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Japan has told South Korea it will attempt to measure radioactive waste levels from late August to early September in waters near a pair of disputed islets controlled by the South in the Sea of Japan, a Foreign Ministry source in Tokyo said Wednesday.

Tokyo informed Seoul about its survey plans in line with its earlier proposal — rejected by South Korea — that the two sides give each other advance notice before conducting marine surveys near the islets, called Takeshima in Japan and Dokdo in South Korea, where the two countries’ claims to exclusive economic zones overlap.

While informing South Korea through diplomatic channels, Japan also sought cooperation from Seoul on the survey, the source said.

The South Korean presidential office convened a meeting of officials in response to the announcement, Yonhap News Agency reported earlier Wednesday.

The study is planned to examine the effects of radioactive waste dumped by the the former Soviet Union in waters near Vladivostok in Russia’s Far East, Yonhap said.

Japan has notified South Korea that one or two of the sites to be covered in the study are in South Korea’s exclusive economic zone, Yonhap said.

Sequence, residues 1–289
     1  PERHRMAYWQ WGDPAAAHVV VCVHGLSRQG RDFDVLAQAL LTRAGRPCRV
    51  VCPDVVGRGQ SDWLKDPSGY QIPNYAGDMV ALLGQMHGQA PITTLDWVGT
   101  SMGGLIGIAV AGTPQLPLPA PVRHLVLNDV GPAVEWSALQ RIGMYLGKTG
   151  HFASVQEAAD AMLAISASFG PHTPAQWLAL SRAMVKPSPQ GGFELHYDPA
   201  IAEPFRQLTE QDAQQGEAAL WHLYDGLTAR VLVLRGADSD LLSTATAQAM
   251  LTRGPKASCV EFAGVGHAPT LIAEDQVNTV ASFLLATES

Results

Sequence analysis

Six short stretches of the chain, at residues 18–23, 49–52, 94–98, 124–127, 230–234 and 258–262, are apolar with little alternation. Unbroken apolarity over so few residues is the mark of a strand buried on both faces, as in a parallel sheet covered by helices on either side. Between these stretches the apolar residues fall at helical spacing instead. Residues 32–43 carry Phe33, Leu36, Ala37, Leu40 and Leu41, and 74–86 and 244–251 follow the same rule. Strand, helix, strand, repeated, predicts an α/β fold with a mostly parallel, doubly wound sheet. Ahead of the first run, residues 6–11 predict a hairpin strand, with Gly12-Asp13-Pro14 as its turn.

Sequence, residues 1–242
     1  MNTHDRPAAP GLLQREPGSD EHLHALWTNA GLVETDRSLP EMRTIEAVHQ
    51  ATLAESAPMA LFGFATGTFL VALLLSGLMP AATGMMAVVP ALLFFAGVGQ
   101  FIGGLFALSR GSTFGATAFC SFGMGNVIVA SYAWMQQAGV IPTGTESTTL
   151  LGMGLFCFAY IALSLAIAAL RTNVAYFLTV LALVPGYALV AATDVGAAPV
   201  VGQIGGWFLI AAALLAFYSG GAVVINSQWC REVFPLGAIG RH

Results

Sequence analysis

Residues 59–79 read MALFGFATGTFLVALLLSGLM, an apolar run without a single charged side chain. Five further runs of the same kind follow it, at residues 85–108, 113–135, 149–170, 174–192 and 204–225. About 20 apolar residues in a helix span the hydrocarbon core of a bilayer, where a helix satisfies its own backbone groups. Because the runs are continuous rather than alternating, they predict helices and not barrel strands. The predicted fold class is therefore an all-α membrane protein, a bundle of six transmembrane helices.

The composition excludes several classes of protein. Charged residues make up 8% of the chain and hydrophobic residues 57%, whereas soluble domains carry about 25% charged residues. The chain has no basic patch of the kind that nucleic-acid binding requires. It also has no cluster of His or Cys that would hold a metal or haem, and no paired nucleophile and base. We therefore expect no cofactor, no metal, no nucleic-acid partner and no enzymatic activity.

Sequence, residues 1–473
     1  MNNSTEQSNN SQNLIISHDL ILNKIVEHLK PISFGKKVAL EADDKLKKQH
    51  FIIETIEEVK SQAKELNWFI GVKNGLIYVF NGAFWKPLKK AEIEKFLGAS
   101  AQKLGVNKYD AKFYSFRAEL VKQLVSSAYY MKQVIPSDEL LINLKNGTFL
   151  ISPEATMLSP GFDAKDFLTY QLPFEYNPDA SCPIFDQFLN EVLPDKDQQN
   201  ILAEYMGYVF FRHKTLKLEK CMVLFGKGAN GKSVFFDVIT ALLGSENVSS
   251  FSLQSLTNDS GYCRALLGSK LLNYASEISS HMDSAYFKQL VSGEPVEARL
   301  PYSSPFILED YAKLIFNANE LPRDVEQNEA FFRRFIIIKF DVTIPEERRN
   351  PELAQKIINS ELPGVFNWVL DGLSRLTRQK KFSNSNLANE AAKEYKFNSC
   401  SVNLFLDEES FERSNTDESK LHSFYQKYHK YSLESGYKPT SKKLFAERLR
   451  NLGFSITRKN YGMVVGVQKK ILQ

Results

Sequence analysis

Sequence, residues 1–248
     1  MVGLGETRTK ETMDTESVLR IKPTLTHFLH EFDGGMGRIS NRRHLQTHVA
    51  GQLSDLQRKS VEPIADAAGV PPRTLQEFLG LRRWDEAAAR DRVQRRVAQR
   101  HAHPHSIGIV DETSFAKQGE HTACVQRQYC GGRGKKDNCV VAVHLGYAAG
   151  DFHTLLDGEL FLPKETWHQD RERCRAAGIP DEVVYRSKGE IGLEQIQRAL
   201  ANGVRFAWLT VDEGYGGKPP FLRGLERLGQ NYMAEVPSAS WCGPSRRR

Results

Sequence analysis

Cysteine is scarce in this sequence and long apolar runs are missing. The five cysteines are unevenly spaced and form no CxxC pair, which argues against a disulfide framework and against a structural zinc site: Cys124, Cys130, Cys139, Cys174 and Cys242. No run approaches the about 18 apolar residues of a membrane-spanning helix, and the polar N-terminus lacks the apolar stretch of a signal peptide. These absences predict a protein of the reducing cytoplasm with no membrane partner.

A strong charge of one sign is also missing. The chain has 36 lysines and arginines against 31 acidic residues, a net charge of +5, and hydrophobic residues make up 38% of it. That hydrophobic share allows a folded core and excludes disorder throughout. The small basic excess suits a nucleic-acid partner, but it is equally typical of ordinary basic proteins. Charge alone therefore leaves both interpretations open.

In 1994, South Korea, Japan, Russia and the International Atomic Energy Agency conducted a similar joint study and concluded there was no effect from the waste.

Since then, South Korea and Japan have conducted studies every year, Yonhap said.

Last month, South Korea conducted a maritime survey in the Japan-claimed EEZ around the islets, despite strong protests from the Japanese government, which was busy dealing with North Korea’s missile tests.

Japan and South Korea became embroiled in a bitter dispute in April when the Japan Coast Guard said it planned to conduct a marine survey near the islets, drawing a strong protest and gunboat flotilla from South Korea.

The two countries averted confrontation in a vice ministerial meeting in Seoul when Tokyo agreed to cancel the survey and Seoul agreed not to propose names for features on the seabed at an international conference.

Japan insists the two small islets, which comprise numerous reefs for a total area of 230,000 sq. meters and are occupied by a small South Korean garrison, is part of Shimane Prefecture, while South Korea claims they are part of North Gyeongsang Province.

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